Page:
Another way we can simplify network operations a little by shifting our subnetting paradigm is to use nibbles. A nibble, for those unfamiliar, is half a byte or four bits. Starting at /64, the nibble aligned subnet masks are /60, /56, /52, /48, etc. Subnetting on nibble boundaries means only using nibble aligned subnet masks. Basically if you need more than one /64 you should jump to a /60 and don’t try to use /63, /62, nor /61. Yes, this may cause some “waste” but that’s one of the great things about this new paradigm of address abundance – we don’t care! Using nibble boundaries makes your subnetted prefixes much easier to read. When you see 2001:db8:2000::/36 you know that it comes after 2001:db8:1000::/36 and before 2001:db8:3000::/36. Because one 4-bit hex digit increments linearly when using nibbles, its easy to do the math in your head (plus one, minus one). This is not true if you use a non-nibble-aligned subnet like /37 or /35.
You can combine these practices and take it a step further by building homogenous hierarchies such that each prefix within a given level is the same size. Talk about an address planners wet dream! For example, you may want to give every department within each building a /56, each building a /48, and each campus on your network a /40. Now, these numbers are not arbitrary, they need to be carefully planned out ahead of time to ensure that your largest department, building, campus, etc. has room to grow within its assigned subnet.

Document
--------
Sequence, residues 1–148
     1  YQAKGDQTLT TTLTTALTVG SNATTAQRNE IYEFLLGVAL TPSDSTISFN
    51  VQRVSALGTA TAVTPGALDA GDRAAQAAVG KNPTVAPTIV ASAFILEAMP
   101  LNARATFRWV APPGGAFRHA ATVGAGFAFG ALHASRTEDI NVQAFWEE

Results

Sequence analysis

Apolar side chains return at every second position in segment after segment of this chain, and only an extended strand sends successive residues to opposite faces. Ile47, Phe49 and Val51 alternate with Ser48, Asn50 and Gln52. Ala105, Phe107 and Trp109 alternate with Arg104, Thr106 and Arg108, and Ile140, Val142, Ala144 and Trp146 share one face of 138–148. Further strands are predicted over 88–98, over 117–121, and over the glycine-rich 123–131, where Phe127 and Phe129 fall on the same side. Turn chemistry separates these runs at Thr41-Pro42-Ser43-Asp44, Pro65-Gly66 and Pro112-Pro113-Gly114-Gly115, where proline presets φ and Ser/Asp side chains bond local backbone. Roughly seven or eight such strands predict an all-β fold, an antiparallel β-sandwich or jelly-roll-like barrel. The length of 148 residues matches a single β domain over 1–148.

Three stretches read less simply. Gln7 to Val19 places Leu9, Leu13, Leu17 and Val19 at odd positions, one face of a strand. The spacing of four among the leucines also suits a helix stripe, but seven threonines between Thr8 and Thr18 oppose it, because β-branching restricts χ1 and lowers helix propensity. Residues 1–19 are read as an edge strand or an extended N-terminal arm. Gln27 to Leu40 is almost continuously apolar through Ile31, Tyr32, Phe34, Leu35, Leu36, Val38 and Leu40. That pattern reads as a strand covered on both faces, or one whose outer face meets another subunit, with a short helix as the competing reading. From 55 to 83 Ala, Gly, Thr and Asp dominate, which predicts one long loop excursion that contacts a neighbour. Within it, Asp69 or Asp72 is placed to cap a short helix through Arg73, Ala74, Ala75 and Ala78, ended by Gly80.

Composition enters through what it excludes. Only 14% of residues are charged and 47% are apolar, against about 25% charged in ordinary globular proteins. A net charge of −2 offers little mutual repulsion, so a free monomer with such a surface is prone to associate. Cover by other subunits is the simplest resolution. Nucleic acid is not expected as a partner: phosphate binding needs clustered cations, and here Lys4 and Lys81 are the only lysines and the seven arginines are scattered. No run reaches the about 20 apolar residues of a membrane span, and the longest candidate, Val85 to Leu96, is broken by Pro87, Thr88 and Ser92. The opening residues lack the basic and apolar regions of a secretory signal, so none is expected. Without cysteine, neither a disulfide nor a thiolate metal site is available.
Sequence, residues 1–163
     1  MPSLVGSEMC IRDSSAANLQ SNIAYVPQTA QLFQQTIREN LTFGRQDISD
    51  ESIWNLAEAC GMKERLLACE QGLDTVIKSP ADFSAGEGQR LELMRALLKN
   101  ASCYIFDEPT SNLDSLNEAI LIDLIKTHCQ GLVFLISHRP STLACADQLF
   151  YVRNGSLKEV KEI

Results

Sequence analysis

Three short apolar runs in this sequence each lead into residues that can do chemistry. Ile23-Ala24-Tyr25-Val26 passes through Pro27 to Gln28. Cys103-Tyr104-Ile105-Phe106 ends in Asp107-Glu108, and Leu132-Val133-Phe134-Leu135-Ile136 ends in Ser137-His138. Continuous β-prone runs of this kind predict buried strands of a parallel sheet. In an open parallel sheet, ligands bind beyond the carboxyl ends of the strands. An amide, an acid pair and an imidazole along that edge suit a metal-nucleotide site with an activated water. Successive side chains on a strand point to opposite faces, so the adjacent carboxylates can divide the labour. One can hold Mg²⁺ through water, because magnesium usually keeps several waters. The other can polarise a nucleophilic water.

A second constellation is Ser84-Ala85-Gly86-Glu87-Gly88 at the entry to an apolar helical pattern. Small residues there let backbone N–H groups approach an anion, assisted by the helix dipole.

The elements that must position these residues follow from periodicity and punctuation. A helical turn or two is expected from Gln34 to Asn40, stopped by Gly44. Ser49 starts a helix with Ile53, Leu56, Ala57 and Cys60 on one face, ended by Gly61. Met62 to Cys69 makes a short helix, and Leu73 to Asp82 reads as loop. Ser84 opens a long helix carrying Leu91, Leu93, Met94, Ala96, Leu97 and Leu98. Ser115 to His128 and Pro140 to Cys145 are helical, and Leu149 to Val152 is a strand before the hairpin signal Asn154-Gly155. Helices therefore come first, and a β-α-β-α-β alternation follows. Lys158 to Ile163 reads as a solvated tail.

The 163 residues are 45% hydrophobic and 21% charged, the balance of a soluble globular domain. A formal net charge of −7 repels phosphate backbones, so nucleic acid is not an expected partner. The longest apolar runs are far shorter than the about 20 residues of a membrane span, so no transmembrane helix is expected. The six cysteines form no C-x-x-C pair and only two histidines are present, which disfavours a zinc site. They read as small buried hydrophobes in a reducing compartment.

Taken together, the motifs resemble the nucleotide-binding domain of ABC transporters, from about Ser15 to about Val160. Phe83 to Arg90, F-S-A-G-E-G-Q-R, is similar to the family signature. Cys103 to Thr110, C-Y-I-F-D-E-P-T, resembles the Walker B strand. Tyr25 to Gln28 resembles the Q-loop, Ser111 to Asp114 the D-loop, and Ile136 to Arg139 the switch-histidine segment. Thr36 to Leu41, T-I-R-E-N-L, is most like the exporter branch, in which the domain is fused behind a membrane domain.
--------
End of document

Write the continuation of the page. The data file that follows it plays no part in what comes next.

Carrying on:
Start at the bottom, whatever your most granular network division is, and work up. Our example starts with department, so you take the largest department in your organization and count how many networks will be needed to support the next 5 years of growth. One nibble up from /64 is /60, which gives you a maximum of 16 /64s. If you need more than that, jump to the next nibble; a /56, which gives you up to 256 /64 networks to work with – perfect! Now move up the hierarchy to the building level and again take the largest building in your organization (which may not house that largest department – that’s OK). This time you’re counting departments to see how many /56 subnets are required to sustain the building’s growth. A /48 again provides up to 256 /56 subnets (being two nibbles, or 8 bits, larger), so you pick that because you need more than the 16 that a /52 would yield. Repeat the process again by counting buildings in your largest campus and fitting that number to a nibble-aligned subnet size. Finally, count your campuses, round up to a nibble, and you know the size of prefix your organization needs! Of course this is just one example. Your network may logically be divided in different ways, perhaps your campuses need to be further grouped into regions or buildings are your lowest level. Maybe you start with headend or central office at the bottom level and work up through geographical regions. Obviously you’ll need to fit your IPv6 subnetting plan to your own network – what really matters is understanding the paradigm.
Once you have shifted your paradigm and are ready to go forth and subnet, I highly recommend starting with this Best Current Operational Practice on IPv6 subnetting written by engineers, for engineers. You’ll probably also want to look into IP Address Management (IPAM) software if your network is a large one (or if that last paragraph scared the bejesus out of you) as abundance can certainly bring some complexity along with it’s benefits. Happy subnetting!
Note: I previously published this post on CircleID.